Once the Project Objectives were final, the second round of questions was focusing on whether we should focus on strategic categories or englobe the complete store. There are pros and cons to each scenario. In our case, the decision was to review the all store. Yes, there was a risk of potentially having to review the space allocation afterward, but we agree with our Client that it was an excellent opportunity to establish a solid basis for further improvements.


In other cases, other rationalization objectives could also have been set up, For example:

· Free up running feet

· Reduce inventory

· Reduce the number of Brands

· Reduce the number of Price Points

· Align the Good-Better-Best price structure with a guideline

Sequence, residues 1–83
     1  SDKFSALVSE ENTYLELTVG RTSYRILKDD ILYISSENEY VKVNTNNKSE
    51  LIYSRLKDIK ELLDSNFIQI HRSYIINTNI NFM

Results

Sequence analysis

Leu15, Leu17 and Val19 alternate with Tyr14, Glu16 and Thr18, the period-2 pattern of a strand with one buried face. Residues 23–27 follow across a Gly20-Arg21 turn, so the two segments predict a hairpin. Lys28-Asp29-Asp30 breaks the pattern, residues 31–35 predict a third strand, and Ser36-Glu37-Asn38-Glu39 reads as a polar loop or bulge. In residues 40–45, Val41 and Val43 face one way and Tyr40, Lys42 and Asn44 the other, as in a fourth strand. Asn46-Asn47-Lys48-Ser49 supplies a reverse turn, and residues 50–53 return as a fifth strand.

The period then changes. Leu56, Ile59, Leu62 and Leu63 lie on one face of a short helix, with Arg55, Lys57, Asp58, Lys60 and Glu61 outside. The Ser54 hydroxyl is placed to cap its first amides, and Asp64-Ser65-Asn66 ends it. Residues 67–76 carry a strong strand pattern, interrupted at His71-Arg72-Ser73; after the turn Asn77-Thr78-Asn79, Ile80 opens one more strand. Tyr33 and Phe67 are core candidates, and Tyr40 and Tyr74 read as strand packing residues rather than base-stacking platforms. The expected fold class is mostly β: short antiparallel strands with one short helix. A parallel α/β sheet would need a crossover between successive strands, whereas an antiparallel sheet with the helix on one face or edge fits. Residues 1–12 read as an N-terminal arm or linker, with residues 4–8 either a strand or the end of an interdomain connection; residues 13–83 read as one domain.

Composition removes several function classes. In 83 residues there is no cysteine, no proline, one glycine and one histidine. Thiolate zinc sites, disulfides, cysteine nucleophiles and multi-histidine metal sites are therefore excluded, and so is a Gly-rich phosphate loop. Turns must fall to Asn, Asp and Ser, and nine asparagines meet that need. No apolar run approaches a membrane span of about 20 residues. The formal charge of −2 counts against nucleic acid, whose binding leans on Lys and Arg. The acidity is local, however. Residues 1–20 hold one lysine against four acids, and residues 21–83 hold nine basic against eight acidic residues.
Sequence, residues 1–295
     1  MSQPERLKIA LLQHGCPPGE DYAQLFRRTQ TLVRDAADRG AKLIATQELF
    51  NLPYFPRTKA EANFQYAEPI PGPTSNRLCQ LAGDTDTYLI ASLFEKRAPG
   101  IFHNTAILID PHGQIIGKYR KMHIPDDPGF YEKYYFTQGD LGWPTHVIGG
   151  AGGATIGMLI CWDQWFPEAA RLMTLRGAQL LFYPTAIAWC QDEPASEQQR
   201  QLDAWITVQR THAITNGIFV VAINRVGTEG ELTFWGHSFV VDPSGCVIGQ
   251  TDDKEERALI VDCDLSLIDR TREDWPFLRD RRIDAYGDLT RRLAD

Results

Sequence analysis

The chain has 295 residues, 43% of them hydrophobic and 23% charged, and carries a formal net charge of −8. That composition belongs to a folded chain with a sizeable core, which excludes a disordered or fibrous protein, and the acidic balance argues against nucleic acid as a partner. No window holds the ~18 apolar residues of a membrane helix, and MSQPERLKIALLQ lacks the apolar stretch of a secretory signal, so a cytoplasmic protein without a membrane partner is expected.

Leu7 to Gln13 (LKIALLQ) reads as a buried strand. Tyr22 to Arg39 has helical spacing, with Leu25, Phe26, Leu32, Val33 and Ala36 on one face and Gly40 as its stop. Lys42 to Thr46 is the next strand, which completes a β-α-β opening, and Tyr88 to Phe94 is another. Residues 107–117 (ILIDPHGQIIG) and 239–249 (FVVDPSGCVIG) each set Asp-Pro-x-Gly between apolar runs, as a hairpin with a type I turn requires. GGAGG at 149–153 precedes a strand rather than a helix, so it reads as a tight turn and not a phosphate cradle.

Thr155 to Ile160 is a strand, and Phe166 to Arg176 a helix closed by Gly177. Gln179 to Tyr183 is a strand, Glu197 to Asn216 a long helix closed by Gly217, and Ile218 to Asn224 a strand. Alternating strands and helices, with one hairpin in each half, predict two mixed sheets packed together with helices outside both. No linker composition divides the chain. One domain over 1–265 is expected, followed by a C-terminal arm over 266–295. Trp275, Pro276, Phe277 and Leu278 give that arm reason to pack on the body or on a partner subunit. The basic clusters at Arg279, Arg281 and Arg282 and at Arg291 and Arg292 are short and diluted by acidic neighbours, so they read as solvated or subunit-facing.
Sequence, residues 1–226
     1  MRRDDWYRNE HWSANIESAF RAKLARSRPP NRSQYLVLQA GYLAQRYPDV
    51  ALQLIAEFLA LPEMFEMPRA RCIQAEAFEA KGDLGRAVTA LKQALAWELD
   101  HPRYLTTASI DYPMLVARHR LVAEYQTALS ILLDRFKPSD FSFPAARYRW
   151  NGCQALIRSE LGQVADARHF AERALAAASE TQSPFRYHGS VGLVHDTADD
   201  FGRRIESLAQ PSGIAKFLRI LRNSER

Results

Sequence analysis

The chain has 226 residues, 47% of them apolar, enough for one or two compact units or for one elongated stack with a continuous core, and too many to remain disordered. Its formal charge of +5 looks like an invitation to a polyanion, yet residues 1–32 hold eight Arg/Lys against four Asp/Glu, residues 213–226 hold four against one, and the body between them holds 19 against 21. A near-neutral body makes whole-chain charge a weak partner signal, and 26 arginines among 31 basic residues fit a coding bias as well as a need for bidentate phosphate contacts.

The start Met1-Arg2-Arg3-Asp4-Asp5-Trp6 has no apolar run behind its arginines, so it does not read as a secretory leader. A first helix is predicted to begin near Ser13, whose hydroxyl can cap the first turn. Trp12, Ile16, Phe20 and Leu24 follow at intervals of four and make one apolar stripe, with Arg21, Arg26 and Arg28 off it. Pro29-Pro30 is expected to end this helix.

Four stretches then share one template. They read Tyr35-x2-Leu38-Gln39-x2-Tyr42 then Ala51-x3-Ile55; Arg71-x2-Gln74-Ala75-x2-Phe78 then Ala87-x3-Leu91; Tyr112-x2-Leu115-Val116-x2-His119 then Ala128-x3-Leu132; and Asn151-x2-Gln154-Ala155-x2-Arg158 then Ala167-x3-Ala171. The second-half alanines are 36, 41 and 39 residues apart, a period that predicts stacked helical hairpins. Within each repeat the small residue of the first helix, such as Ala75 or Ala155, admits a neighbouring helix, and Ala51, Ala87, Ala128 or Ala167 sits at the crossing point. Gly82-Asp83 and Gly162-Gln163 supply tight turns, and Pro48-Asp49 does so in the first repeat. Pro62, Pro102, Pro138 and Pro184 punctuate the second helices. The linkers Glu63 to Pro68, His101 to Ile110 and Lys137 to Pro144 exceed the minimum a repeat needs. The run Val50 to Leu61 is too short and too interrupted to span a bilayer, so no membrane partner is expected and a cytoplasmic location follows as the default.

· ,,,

3. Define the Business Rules

Before starting with the work, itself, we hold it a bit longer to establish with the Client what should be the business rules the rationalization should follow. The objectives of the Business Rules go beyond the rationalization: they would also impact how Buyers and Category managers would manage the assortment after the rationalization.


Some of the critical rules that were decided are, for example

· Assortment is stacked

· 100% of the assortment is mandatory (even if some items are mandatory only in 1 store: supply chain and store teams are thus eased)

· The space allocated by Product Type

· The maximum number of items by Bay [1]

· What should be the metrics to define whether an item should be kept or deleted[2]

· What should be the Merchandise Hierarchy level to which the item selection metrics should be applied to

· Items belonging to the Housewife basket (from the Client CRM data) should not be removed